Matisyahu is hard to pick out in a crowd these days. He’s tall, with cropped hair and a hint of stubble – the thick, prominent beard that marked him as the world’s first Hasidic reggae star is long gone. Sitting down on the bed at the back of his tour bus, parked backstage Sunday at New York’s Catalpa Festival, he explains that anonymity has its benefits.
“Friday I woke up in Blacksburg, Virginia, and rode my motorcycle into the Blue Ridge Mountains” for Floyd Fest, he says, speaking so softly that the air conditioner threatens to drown him out. “It was gorgeous, hippies everywhere, hacky sacks, grilled cheese sandwiches, and I got to hang there for a day. No one recognizes me, so I can kind of be incognito and just walk around the festival and just chill with people.”
His previous look made him a poster boy for the Hasidic Jewish community after he burst onto the scene with his bombastic reggae-rap in the mid-2000s. This past December, he parted ways with his beard, which was his most obvious calling card. He told Rolling Stone at the time that shaving wasn’t about shedding his religion, but rather was a way of being able to trust himself, and perhaps to find a bit of the anonymity he had lost over the years.
In the intervening eight months, he’s seen a sort of schism develop in his fan base between those who supported him for his music and those who supported him because they felt he was the first mainstream star to represent their culture. “Some fans have been accepting and have shown me a lot of love,” he says, “and others have been very hurt, and therefore very judgmental.”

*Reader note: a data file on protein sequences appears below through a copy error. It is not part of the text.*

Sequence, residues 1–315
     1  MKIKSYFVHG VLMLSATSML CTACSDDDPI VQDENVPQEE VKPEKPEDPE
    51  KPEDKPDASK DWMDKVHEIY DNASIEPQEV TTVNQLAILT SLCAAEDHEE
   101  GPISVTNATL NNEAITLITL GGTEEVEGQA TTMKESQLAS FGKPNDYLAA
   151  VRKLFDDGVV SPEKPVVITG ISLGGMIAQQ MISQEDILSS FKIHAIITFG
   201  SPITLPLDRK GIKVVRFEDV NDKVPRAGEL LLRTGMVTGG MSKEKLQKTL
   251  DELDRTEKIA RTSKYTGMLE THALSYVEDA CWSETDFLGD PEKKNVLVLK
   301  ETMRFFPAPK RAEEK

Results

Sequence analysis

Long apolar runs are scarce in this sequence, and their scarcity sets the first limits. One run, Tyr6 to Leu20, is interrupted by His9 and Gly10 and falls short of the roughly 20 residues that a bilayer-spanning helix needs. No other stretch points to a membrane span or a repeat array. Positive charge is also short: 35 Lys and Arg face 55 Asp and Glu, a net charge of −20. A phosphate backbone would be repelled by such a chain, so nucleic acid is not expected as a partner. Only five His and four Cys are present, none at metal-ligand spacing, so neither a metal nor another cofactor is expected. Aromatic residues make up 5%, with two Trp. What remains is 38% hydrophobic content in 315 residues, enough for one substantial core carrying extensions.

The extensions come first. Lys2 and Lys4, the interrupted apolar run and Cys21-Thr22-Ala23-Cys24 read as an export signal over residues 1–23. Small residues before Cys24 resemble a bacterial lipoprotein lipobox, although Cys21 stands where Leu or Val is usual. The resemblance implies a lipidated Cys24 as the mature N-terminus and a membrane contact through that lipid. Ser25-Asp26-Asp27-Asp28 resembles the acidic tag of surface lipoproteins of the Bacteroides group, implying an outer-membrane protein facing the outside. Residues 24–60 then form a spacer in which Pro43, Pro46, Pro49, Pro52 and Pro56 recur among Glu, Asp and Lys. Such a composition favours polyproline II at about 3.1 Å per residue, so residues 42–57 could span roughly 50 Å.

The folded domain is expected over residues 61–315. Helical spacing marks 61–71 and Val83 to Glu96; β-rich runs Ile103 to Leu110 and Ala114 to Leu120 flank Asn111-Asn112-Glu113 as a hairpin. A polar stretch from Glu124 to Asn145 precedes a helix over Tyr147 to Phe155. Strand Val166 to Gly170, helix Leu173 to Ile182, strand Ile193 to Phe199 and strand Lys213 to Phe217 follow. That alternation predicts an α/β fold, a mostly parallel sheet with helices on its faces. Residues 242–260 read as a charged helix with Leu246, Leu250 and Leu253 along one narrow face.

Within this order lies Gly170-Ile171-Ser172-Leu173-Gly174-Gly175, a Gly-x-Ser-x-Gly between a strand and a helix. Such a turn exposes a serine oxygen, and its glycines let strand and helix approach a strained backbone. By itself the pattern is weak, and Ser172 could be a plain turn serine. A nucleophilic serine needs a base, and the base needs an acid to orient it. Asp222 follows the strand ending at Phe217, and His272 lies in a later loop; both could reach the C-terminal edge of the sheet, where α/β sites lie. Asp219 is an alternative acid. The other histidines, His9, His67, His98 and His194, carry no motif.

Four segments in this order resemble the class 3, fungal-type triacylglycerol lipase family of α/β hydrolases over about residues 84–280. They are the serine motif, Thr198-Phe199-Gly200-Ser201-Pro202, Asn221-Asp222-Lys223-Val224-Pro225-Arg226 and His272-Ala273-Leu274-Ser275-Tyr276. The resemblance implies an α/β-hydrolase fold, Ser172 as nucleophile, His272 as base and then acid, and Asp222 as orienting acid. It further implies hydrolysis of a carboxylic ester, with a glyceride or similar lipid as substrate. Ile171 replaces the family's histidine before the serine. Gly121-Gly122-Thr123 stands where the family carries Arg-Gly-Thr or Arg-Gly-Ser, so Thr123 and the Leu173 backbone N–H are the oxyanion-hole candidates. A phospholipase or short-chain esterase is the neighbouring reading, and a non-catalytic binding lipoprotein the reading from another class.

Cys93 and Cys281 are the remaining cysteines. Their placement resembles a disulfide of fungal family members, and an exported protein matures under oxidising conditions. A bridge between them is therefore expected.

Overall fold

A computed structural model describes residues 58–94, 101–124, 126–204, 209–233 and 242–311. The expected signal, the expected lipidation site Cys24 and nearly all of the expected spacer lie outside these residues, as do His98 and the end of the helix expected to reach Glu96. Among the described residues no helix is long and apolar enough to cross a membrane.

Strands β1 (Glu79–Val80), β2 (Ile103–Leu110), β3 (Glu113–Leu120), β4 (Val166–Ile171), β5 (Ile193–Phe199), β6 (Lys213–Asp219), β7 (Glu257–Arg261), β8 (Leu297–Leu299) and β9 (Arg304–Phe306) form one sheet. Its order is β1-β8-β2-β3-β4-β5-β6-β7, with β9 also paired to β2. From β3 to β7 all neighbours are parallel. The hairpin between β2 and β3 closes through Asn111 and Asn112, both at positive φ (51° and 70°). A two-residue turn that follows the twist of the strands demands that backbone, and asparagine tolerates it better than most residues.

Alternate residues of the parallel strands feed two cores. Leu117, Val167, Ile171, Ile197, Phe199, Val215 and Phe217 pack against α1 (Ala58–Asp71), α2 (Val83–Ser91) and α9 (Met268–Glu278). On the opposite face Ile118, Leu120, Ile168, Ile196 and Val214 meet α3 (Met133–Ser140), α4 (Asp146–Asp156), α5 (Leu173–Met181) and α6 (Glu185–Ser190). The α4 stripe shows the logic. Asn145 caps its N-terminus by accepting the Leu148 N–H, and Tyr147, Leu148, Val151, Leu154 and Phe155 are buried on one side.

Matisyahu has put much of that behind him on his first post-beard album, July’s Spark Seeker, which he credits to working with Kool Kojak, who produced the album and quickly became a friend. “It’s like going back and making beats with your best friend from high school in the bedroom and joking around and having fun, except that dude is fucking seriously talented, not just some kid,” Matisyahu says.
They recorded in Los Angeles, with stops in New York and Israel, which brought a more varied cultural feel to the album. “We made the whole thing into a trip, a project,” Matisyahu says. “As opposed to me and Kojak in L.A. in the hills looking out at the freeway or whatever, it created a whole world vibe, a whole new voice into the record.”
Matisyahu isn’t the only Catalpa performer who’s altered his identity: headliner Snoop Dogg recently declared himself Snoop Lion, marking the latest foray into reggae-rap for a hip-hop icon (after Nas’ Distant Relatives EP with Damian Marley in 2010). Matisyahu says he’s not surprised.
“It’s been happening for a while,” he says of the fusion. “As time has gone on, reggae culture and music gets more infused in the mainstream.”